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Lancashire hotpot

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Title: Lancashire hotpot  
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Subject: Scouse (food), English cuisine, Lamb and mutton, Bubble and squeak, Cottage pie
Collection: Casserole Dishes, English Cuisine, Lamb Dishes, Lancashire Cuisine, Stews
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Lancashire hotpot

Lancashire Hotpot
Lancashire hotpot
Course Main course
Place of origin Lancashire, England
Serving temperature Hot
Main ingredients lamb or mutton, onions, potatoes
Cookbook: Lancashire Hotpot 

Lancashire hotpot is a dish made traditionally from lamb or mutton and onion, topped with sliced potatoes, left to bake in the oven all day in a heavy pot and on a low heat. Originating in the days of heavy industrialisation in Lancashire in the North West of England, it requires a minimum of effort to prepare.[1]

Contents

  • Preparation techniques 1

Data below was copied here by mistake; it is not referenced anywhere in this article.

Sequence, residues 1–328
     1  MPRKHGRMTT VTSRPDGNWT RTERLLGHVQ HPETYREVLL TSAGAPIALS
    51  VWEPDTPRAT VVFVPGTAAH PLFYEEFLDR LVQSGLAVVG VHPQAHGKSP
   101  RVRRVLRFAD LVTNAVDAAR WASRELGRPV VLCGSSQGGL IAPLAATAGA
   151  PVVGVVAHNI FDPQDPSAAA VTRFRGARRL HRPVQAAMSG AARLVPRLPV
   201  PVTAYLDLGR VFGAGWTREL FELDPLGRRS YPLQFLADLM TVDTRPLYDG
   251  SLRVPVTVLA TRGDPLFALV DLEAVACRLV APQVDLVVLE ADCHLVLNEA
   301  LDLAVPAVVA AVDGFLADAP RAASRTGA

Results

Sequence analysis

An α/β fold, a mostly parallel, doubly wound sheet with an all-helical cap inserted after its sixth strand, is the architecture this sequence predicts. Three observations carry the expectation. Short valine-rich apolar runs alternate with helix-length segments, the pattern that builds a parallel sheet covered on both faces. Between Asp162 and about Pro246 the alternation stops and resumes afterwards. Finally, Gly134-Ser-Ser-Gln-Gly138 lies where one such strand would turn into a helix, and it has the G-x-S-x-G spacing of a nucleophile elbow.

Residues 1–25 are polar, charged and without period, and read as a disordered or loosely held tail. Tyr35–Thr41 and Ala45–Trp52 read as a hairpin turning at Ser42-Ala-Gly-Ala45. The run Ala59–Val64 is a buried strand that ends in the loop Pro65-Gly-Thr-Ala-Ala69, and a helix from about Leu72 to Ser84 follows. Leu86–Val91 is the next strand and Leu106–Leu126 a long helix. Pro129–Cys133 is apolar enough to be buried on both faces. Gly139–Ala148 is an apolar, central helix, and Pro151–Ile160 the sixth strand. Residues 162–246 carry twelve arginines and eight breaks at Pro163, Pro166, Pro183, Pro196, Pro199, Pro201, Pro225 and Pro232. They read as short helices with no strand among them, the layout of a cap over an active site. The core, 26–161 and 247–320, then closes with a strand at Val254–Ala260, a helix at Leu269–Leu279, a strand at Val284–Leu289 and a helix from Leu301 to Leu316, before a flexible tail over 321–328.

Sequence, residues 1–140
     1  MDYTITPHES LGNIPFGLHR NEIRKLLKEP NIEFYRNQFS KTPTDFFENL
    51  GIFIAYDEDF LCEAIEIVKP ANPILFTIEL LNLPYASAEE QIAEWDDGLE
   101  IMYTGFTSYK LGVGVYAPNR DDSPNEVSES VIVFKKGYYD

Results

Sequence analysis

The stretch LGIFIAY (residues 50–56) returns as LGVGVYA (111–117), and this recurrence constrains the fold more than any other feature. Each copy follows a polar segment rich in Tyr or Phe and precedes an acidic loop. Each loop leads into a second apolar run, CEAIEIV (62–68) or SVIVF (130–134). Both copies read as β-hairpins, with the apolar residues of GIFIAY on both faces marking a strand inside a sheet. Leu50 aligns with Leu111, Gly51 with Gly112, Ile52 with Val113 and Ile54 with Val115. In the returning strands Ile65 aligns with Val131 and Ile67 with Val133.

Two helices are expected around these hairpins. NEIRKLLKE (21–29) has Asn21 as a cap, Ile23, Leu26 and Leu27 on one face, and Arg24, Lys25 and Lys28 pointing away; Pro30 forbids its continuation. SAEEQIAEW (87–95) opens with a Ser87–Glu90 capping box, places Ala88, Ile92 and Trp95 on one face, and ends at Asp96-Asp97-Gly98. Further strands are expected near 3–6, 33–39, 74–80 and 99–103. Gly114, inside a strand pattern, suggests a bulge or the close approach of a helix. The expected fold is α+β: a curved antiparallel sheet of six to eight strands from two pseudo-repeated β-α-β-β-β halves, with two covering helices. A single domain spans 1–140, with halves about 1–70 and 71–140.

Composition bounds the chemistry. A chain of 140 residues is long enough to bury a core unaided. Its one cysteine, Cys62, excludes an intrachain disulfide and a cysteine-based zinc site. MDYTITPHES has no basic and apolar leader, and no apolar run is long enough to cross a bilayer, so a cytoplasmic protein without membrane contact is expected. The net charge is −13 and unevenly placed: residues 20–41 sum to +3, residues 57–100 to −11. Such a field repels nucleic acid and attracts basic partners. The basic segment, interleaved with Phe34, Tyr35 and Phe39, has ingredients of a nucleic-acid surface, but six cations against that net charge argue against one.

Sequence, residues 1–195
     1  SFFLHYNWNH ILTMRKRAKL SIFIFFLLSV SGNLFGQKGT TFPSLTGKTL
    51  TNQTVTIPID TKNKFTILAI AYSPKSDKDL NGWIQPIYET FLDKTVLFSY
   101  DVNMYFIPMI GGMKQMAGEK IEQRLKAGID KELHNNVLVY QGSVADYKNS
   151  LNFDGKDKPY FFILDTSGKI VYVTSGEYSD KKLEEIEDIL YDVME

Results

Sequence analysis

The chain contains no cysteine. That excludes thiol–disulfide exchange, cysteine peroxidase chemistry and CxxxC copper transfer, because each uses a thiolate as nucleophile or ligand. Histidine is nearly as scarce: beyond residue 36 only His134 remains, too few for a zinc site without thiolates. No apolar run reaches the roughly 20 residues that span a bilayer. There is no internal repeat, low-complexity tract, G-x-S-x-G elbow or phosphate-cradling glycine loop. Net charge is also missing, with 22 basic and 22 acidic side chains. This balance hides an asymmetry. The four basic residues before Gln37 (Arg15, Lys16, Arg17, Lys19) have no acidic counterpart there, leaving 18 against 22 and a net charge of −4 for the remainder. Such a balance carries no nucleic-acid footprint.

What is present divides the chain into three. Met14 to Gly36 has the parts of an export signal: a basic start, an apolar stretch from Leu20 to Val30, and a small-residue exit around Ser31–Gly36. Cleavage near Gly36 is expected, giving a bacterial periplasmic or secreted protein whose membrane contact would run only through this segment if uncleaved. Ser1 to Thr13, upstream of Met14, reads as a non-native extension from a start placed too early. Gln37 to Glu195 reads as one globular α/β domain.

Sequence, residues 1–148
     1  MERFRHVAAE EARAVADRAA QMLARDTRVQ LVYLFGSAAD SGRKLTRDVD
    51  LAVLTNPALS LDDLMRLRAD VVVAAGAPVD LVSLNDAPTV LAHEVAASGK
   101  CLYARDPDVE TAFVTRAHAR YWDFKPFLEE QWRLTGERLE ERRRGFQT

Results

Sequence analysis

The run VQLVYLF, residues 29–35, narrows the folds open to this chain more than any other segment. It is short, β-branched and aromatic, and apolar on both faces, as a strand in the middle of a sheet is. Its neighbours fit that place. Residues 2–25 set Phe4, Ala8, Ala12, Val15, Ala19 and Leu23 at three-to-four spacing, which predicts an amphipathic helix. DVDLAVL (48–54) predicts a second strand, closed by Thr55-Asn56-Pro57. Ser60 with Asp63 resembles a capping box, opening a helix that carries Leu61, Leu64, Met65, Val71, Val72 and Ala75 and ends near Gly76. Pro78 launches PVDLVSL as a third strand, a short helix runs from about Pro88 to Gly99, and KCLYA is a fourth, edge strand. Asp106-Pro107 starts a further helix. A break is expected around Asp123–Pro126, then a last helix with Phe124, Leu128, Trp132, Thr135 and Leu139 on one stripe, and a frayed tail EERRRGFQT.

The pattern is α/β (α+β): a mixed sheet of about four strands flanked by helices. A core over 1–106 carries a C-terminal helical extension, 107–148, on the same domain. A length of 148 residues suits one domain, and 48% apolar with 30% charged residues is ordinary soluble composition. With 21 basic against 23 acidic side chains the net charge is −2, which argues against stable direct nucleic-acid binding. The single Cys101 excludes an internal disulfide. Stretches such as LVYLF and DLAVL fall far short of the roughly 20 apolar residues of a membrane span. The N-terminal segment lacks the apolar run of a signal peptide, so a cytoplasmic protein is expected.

• Flavouring 1.1
  • Etymology 2
  • See also 3
  • References 4
  • External links 5

Preparation techniques

There are many regional variations. It is frequently found listed amongst the usual pub grub dishes in hostelries around Britain. The basic recipe consists of a mix of lamb and vegetables (carrot, turnip, potatoes, onions or leeks) covered with sliced potato. Sometimes lamb kidneys are included in the dish. Modern variants may use beef or bacon chops instead of lamb, or have a pastry topping. As much food can be added as will fit in the pot.

The traditional recipe once included oysters,[2] but increasing cost eliminated them from common usage. Pickled red cabbage or beetroot are often served as an accompaniment. In some areas Lancashire cheese is also served with the dish .

Flavouring

Flavour can be enhanced with seasoning; salt and pepper would be the most traditional, and any other ingredients available in the kitchen. Some stock is usually added to cover the contents while it cooks, though some recipes rely on a well-sealed pot on a low heat to retain enough moisture within the meat, onion and potato.

Etymology

It is often thought that the "hot pot" referred to is a pottery dish used to cook casseroles in British cuisine. However, it is more likely to refer to the idea of a jumble or hodge podge of ingredients in the filling.[3]

See also

References

  1. ^ How to cook the perfect Lancashire Hotpot, 31st Oct 2013.
  2. ^ Lancashire Hot Pot . Retrieved 22-10-2010.
  3. ^ A Hodge Podge of Hot-pots, May 31, 2007.

External links

  • History of Lancashire Hotpot at Foods of England
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